youtubeThe last two years have been, without a doubt, the longest period of time our RV has not seen regular use. We did manage to take an extended two-week trip last summer to the Yukon to attend a family wedding, but other than that, “Hopper” has sat mostly idle. As we find ourselves caught in the tight grip of one of the coldest temperature snaps in many years in the Pacific Northwest, it is important to reflect on the importance of ensuring our rigs are happily weathering out the sub-zero temperatures, as well as the snow.

Last month I presented maintenance tips, which is definitely related to this month’s topic, but here I will focus on cold weather storage. As mentioned, our neck of the woods normally escapes sub-freezing temperatures for longer than a day or two at a time, but this year we are experiencing unprecedented extended cold weather. Snow and ice are potentially worse for a Recreational Vehicle than simple rain. Let’s examine some ways to keep your coach happy and safe over the winter.


Experiencing more days this year of sub-zero temperatures

First, and perhaps most obvious, is to make sure your unit is properly winterized. I have had far too many RVs come in for water leak repairs in the spring due to improper, or lack of, winterization. The severity (and expense) ranges from simple loose fittings to cracked water heaters. It’s important to avoid this. If you haven’t had your RV winterized yet this year, it is likely too late to avoid any damage, but simply put, drain ALL tanks (including holding tanks and water heater) and winterize all water lines and appliances (don’t forget the washer/dryer) using either air or plumbing anti-freeze. The winterization process is outside the scope of this article, but there are many DIY articles and videos to be found online, or you can visit your local RV service center for assistance.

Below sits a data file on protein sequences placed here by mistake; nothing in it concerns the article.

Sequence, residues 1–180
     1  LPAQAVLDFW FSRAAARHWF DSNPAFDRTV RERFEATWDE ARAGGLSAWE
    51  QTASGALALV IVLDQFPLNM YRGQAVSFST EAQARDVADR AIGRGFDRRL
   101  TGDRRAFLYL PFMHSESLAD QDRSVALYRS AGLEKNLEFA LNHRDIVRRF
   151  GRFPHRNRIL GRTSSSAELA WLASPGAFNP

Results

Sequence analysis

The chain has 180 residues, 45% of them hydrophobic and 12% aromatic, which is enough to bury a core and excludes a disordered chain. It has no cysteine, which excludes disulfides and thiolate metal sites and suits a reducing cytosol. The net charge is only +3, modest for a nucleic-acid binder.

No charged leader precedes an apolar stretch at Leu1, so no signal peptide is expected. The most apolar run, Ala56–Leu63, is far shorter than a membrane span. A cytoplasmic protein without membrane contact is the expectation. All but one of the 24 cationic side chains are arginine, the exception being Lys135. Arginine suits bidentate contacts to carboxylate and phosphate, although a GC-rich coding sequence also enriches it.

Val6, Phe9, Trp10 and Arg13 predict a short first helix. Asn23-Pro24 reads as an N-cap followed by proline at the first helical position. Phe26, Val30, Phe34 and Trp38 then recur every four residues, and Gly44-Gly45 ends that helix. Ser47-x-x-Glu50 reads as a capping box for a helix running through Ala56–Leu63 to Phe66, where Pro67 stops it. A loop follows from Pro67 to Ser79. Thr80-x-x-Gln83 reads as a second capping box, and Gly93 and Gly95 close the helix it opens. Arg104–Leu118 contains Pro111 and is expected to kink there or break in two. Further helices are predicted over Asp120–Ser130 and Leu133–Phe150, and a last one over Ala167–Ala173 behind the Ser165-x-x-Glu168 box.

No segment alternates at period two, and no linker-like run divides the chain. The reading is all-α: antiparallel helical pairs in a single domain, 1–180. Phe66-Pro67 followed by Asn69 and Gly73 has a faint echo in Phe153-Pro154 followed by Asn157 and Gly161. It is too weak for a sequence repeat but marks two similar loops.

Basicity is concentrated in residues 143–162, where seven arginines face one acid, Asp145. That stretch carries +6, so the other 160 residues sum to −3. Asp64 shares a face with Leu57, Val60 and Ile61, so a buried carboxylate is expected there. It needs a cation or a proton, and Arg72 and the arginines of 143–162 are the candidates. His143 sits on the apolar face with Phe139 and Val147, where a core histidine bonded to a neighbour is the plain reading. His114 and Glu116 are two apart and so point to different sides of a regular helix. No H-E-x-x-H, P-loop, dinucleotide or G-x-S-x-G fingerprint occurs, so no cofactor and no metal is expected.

It is important to ensure the batteries are prepared for the cold as well. Ideally, they should be removed from the coach, filled with electrolyte, fully charged, and stored in a cool, dry place for the winter. Fully charged batteries will not freeze until the temperature reaches around -40 degrees Fahrenheit, whereas discharged batteries can freeze closer to 32 degrees F. If the electrolyte in a battery freezes, it is usually destroyed and must be replaced. You may choose to leave your batteries in your RV, but there are some very important considerations. If you don’t have your coach plugged into shore power while in storage, make sure the batteries are fully charged, the electrolyte is topped up, and they are cleaned prior to storage. If your RV has a battery storage switch, set it to the storage position so there is no discharge on the battery bank. Note that a parasitic load is still possible. For instance, most LP/CO detectors are wired to the powered side of the storage switch, so turning off the batteries will not remove these loads. Similarly radios and other loads may be wired to the power side. Therefore, I recommend disconnecting the negative battery lead to prevent parasitic discharge.


Prepare the battery for winter

If you do have your coach plugged in, be aware that unless you are using an inverter/charger with proper 4-stage charging, your battery will likely be overcharged if left unattended. This is because standard converter/chargers only have 3-stage (or possibly 2-stage) charging. This means they don’t properly reduce the charging current to maintain only a trickle charge like inverter/chargers do. This results in the electrolyte boiling off, eventually resulting in the battery plates becoming damaged, requiring the batteries to be replaced. There are many benefits to leaving an RV plugged in during winter storage, so if you choose to go this route, be sure to check your batteries every 1-3 months, specifically checking the electrolyte and topping it up if it is low. As a reminder, use only distilled water in battery cells.